The online pitch goes something like this: Invest in our paid autosurf program and earn a 125-150 percent return for every dollar invested. All the investor has to do is surf a few Web sites each day. At least that's what Thomas A. Bowdoin and his AdSurfDaily.com site claims.
Sound too good to be true? That's exactly what the U.S. Secret Service thinks, and on Aug. 1 the agency seized approximately $53 million in funds and two homes as part of an investigation into what federal authorities claim is a "massive Internet-based wire fraud scheme."
According to a complaint filed in the U.S. District Court for the District of Columbia, the scheme involves ASD (AdSurfDaily.com) generating advertising revenue by automatically rotating advertised Web sites into its investors' Internet browsers.
Since ASD creates no significant new wealth by selling advertising to purchasers outside of its investor-members, authorities claim ASD is a classic Ponzi scheme, using money from new investors to pay off earlier investors before the whole thing collapses.
Federal prosecutors and the Secret Service raided ASD's Quincy, Fla., headquarters Aug. 1, seizing the $53 million. In court documents filed Aug. 4, the Secret Service claims that the money and Bowdoin's homes in Quincy and Myrtle Beach, S.C., are forfeitable to the United States government.
Neither Bowdoin nor anyone else connected to ASD has been criminally charged in the investigation, although the seizure of Bowdoin's funds makes it difficult for ASD to do business for the time being.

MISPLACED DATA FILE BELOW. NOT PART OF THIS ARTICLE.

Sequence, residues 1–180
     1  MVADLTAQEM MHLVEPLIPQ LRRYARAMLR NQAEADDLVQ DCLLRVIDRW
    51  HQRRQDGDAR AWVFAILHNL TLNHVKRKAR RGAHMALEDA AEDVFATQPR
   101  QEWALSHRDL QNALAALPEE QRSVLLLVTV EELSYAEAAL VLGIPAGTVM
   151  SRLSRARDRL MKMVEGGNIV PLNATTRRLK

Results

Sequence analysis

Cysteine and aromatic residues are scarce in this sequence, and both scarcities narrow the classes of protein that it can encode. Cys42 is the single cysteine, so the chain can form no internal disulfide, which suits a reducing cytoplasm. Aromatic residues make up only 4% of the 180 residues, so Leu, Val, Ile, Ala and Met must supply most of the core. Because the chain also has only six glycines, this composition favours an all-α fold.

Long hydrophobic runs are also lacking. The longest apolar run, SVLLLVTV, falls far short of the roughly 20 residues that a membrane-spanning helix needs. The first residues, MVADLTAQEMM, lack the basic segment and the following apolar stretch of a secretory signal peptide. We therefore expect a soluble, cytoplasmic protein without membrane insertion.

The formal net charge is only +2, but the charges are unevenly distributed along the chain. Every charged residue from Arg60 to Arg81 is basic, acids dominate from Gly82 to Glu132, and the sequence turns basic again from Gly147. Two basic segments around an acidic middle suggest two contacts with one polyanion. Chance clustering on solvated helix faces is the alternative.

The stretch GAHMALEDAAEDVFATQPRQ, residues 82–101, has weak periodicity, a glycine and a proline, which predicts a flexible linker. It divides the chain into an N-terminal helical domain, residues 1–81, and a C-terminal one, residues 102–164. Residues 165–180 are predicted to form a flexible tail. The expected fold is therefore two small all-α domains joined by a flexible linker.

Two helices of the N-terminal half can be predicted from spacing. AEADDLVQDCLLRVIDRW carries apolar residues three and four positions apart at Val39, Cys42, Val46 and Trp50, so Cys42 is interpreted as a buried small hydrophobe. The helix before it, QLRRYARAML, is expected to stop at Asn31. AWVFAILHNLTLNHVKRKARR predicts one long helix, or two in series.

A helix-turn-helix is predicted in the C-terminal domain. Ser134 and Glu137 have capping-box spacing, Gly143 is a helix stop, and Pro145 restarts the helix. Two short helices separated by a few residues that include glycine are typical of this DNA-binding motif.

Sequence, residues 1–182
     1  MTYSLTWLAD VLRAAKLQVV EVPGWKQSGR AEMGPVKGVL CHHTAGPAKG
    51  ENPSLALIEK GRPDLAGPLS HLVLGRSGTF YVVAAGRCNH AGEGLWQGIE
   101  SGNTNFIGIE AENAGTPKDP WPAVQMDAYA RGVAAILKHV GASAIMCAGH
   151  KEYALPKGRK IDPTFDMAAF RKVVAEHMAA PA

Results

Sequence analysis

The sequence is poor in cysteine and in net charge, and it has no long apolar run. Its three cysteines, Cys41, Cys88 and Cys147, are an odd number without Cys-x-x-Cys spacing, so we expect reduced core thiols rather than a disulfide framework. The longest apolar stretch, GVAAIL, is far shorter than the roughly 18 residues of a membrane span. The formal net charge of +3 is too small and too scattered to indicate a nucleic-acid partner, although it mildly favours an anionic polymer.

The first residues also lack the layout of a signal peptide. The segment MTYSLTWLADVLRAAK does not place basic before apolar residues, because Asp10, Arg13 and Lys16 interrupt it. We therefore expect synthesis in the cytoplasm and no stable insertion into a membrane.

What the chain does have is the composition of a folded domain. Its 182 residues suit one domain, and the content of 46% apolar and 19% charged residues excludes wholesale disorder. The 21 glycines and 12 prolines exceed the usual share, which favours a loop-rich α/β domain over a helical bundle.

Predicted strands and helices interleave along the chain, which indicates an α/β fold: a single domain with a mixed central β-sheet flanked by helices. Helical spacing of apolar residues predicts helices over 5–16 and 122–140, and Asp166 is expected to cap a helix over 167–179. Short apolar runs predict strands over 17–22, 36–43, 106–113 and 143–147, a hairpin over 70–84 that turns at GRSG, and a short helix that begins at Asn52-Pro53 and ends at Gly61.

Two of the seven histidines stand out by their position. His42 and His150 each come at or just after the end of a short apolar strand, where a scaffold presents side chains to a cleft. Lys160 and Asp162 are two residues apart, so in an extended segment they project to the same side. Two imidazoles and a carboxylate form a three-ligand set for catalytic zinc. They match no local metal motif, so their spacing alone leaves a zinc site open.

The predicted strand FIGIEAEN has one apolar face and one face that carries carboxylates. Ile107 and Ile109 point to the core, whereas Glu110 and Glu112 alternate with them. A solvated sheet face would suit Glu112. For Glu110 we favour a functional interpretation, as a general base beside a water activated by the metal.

The court complaint says ASD masked its Ponzi scheme ambitions by calling its investors "advertisers," their investments "ad purchases" and the ASD payments to investors "rebates." However, according to the complaint, ASD did not operate as a seller of advertising services and there was no legitimate product being sold to support the profits ASD promised to pay its investors for relinquishing their funds.
While the Secret Service was mum on the investigation, bloggers were not.
"I truly believe Andy set this company up to be legal. He is a proven ethical businessman," wrote Ginger from Tennessee on Tallahassee's WCTV Web site. Quincy is located just outside Tallahassee, and the station covered the raids on Bowdoin's home and office.
Another post to the site claimed, "Just because the feds take civil action against someone does not mean the allegations are true, and this is one ... such case. This company had only the best intentions, shared the wealth with all involved, and were working with their legal team to ensure government compliance on all laws."
But the Internet & Affiliate Marketing News blog carried this post: "First of all, they are a classic Ponzi scheme because money is being paid out from new members investing to the old members who already earned their credits and are ready to cash out. This scam is growing fast and there are more and more people cashing out, so they need more new members to cover all the payouts."